It’s time to recognize and empower India’s women farmers
“We have been doing farming for ages. My mother in law did it, I am doing it, my daughter and daughter-in-law will do it. But what we need and will cherish is an identity of our own. An identity of being a woman farmer.” Bholi Devi, Harpur Village, Bihar
This is the voice of one of the millions of India’s women farmers. The empowerment of Indian women will not be complete without empowering those who are living at India’s last periphery. The ones whose day starts before sunrise and continues after sunset. These are the women farmers of India, whose voices often go unheard owing to their gender, and who struggle to establish their identity at a grassroots level due to patriarchal traditions and gender socialization.
These voices need to be heard at both the policy and implementation levels if we are to realize the dream of a progressive India. Women farmers in India perform most of the big farming jobs, from sowing to harvesting, yet their access to resources is less than their male counterparts. Closing this gender gap is essential in order to accelerate the pace of growth in the agriculture sector.
Self-help groups – grassroots, village-based financial organizations, often comprised soley of women – are playing a crucial role in promoting a shared agenda around health, education and agriculture. It is not an exaggeration to say that these groups are changing the lives of women at the grassroots level.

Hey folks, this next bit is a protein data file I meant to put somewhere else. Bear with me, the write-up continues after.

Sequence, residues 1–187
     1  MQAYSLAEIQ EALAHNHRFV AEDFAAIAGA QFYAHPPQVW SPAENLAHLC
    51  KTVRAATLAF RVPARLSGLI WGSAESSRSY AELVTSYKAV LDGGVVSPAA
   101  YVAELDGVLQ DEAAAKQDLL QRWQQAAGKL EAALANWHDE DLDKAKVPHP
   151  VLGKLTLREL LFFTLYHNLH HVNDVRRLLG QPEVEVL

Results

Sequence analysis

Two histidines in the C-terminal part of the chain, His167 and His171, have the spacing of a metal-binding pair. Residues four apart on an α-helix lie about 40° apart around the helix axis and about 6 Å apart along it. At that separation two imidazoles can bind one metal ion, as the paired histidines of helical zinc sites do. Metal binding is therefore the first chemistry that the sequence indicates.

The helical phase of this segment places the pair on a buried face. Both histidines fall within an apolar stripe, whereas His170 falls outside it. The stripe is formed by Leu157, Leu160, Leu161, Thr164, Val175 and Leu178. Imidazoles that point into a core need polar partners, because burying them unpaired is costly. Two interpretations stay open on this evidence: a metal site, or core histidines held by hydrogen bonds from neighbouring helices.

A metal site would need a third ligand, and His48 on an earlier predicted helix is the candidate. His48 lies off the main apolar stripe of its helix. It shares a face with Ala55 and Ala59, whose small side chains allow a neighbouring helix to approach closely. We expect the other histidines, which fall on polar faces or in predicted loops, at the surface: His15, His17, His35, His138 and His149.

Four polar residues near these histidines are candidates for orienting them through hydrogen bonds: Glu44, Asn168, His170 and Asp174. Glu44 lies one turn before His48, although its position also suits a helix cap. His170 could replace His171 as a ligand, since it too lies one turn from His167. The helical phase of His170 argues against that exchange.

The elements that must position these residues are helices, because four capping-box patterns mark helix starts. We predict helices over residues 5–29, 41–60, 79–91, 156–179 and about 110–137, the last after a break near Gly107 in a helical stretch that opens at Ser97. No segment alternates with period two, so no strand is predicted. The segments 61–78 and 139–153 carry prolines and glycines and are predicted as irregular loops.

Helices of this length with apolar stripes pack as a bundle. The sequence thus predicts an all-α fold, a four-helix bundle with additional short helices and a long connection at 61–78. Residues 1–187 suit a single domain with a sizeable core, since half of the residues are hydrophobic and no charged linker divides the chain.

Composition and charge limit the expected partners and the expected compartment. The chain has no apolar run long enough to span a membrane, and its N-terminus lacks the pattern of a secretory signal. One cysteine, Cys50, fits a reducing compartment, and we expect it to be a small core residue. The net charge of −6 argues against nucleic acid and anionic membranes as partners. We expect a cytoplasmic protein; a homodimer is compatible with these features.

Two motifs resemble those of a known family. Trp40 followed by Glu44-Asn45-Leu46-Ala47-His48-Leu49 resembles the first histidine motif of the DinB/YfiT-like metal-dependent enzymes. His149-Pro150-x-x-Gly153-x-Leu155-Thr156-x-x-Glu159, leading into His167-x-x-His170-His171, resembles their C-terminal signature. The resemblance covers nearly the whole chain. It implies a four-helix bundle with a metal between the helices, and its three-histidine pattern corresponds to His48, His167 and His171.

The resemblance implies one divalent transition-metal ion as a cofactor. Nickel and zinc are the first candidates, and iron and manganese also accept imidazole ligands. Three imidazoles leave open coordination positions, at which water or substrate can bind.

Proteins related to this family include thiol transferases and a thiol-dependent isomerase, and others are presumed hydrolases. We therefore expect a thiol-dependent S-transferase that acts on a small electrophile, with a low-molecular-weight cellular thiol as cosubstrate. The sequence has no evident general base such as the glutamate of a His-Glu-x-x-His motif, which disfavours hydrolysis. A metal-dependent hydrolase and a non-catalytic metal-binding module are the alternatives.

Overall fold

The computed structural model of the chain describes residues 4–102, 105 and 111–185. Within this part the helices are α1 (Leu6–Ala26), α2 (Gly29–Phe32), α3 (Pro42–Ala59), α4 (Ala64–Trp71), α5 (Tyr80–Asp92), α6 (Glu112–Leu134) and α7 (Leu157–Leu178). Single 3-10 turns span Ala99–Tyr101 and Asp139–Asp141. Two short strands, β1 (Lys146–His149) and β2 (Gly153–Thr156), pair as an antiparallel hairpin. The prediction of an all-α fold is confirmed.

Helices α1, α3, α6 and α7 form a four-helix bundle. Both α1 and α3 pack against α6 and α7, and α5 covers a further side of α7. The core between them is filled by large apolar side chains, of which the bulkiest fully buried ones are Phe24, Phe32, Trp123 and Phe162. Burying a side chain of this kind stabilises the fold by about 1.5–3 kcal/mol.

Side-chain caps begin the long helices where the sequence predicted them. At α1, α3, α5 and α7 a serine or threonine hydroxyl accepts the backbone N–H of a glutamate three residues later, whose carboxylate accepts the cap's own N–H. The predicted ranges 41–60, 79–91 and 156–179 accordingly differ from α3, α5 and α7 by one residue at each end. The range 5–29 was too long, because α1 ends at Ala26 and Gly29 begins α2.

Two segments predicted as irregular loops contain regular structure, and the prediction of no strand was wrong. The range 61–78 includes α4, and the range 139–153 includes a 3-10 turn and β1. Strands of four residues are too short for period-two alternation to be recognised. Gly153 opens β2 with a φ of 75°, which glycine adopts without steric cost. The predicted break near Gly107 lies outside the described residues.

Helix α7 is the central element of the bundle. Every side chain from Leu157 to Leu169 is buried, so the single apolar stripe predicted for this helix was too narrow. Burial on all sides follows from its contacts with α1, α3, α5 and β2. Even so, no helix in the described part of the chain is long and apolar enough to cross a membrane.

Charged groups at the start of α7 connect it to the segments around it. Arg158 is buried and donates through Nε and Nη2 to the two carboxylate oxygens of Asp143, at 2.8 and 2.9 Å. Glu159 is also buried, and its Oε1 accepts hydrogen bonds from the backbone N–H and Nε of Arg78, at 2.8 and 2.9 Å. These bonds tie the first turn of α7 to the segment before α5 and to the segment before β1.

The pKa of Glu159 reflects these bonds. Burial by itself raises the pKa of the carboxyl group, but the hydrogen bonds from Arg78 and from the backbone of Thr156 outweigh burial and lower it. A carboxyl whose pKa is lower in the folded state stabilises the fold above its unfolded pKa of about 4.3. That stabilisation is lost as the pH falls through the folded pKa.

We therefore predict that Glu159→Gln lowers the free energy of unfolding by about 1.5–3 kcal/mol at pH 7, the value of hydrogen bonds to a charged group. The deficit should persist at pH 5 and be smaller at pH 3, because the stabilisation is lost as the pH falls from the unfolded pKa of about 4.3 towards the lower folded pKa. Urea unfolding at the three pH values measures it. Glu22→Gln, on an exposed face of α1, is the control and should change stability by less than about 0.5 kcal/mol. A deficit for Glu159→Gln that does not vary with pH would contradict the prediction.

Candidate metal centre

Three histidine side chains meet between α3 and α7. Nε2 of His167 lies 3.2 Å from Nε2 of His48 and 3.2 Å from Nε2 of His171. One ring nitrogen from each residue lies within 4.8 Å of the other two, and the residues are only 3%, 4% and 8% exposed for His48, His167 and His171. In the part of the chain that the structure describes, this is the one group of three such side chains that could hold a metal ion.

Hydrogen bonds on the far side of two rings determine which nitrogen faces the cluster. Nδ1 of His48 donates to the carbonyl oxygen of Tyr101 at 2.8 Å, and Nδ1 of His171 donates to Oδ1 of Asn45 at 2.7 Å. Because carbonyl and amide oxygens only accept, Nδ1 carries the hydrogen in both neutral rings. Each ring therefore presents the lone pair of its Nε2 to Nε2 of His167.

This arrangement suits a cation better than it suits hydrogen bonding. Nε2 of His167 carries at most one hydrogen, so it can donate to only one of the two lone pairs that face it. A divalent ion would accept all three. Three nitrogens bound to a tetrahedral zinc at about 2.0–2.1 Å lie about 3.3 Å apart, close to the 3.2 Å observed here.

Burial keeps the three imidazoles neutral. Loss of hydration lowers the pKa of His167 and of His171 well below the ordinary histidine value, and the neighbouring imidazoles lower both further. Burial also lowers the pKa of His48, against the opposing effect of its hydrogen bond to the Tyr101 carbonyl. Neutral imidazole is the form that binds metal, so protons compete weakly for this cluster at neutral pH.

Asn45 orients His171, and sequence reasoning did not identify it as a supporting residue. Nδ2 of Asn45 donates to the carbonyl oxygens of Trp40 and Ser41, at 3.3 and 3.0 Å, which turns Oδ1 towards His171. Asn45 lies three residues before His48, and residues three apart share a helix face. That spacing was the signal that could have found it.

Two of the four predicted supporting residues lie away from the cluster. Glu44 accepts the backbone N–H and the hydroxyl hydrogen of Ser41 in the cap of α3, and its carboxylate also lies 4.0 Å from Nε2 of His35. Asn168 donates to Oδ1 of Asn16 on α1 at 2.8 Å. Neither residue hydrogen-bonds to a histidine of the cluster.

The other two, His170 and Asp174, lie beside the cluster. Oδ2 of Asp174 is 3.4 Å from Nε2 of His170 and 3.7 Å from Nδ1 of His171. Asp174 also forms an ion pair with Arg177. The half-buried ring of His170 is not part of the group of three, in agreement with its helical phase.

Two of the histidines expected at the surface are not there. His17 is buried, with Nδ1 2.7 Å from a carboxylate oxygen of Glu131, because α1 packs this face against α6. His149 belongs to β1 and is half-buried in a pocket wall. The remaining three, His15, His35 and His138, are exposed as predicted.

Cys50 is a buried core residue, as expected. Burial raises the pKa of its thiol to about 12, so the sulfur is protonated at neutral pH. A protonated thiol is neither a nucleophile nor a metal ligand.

Equally, self-help groups can act as a catalyst in the efforts towards closing this agricultural gender gap. One of the crucial elements here is the risk-sharing capacity that membership of these groups enables. Ragini Devi, who works with self-help groups in Bihar, says: “It is easy to approach women farmers with improved knowledge and practice on sustainable agriculture practices when they are in groups. For the women farmers, it is also easy to come out of their household as the member of a self-help group in which they share their group identity.”
Not only in India but across the world, women’s contributions to agriculture are significant. The UN’s Food and Agriculture Organisation estimates that if women had the same access to productive resources as men, they could increase yields on their farms by 20-30%. This could raise total the agricultural output in developing countries by up to 4%, which could in turn reduce the number of hungry people in the world by 12–17% – that’s 100-150 million people.
Thus an inclusive approach, all the way from policy to implementation, is essential to bring women working in agriculture into the mainstream and to empower them with direct access to knowledge of improved agricultural practices.
It is also important to observe how increasing male migration away from villages has brought about significant changes to the work village women do, both at the household and societal level. For example, migration from rural Bihar is high and has steadily increased over the past 30 years. The proportion of migrant workers to total workers in the region has increased from 15.7% in 1998-99 to 25.5% in 2009-10.